Silicone elastomers are used in a wide range of applications, including artificial muscles, biomedical devices, and soft robotics, for which chemical, thermal, and mechanical stability are important requirements that these elastomers must fulfill. However, to ensure that silicone elastomers' properties and performance remain constant under long‐term deployment, it is necessary to examine and account for the Mullins effect, which has the potential to significantly alter certain elastomer properties of interest. In this article, the mechanical properties of soft and hard commercial silicone elastomers and two blends of commercial silicone elastomers are investigated—specifically their softening behavior due to the Mullins effect. Ultimate stresses, ultimate strains, and Young's moduli are obtained from uniaxial tensile tests. Results show that the point of softening greatly depends on both the elastomer type and its strain history. Furthermore, a significant permanent set is observed in the softest commercial formulations.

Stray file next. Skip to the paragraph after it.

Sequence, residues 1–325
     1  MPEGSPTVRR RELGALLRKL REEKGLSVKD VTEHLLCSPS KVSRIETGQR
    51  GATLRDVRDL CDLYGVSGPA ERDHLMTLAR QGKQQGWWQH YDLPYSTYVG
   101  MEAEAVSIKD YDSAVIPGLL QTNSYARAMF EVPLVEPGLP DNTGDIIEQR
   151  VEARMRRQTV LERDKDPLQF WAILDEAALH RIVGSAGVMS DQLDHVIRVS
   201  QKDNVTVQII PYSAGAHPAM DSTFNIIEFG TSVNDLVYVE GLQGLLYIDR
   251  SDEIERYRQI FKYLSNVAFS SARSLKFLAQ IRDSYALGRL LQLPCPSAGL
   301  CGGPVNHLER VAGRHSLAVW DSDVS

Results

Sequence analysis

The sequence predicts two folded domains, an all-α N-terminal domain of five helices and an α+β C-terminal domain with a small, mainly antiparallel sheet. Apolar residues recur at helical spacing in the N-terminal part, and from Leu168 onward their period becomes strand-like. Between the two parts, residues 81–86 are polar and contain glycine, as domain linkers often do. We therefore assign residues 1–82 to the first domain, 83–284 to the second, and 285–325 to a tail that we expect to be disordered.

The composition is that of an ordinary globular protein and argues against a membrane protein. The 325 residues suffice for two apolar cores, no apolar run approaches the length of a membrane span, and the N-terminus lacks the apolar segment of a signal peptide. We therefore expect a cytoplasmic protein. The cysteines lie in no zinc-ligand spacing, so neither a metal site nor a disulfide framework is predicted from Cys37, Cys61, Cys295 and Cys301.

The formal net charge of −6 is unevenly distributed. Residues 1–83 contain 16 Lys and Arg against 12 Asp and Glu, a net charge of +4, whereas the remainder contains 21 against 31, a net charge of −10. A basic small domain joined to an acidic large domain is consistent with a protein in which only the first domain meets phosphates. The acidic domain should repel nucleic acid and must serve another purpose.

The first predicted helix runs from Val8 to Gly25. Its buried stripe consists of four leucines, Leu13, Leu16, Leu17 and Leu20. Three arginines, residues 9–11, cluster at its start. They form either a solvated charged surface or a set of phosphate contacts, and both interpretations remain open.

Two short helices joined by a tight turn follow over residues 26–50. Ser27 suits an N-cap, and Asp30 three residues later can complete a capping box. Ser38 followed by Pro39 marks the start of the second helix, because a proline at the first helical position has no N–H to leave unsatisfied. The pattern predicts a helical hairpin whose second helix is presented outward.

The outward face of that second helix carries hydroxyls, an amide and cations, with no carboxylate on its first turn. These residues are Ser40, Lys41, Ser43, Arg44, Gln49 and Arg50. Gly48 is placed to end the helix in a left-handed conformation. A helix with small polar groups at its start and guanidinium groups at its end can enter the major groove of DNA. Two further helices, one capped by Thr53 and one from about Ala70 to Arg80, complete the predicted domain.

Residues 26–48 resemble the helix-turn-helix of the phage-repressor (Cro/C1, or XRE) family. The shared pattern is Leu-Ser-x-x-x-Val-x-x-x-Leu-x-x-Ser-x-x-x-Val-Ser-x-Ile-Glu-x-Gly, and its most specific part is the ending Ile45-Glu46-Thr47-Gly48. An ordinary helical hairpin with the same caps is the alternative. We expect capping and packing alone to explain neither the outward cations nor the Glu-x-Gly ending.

- Mechanical properties
- Structure–property relationships
- Thermogravimetric analysis
- Viscosity and viscoelasticity